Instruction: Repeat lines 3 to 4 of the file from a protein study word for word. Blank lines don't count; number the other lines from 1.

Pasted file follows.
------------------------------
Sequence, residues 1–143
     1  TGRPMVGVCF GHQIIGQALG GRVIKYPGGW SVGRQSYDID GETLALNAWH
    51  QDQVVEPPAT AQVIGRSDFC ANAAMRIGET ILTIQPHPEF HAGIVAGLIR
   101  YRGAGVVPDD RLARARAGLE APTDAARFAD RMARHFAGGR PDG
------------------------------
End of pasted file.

    51  QDQVVEPPAT AQVIGRSDFC ANAAMRIGET ILTIQPHPEF HAGIVAGLIR
   101  YRGAGVVPDD RLARARAGLE APTDAARFAD RMARHFAGGR PDG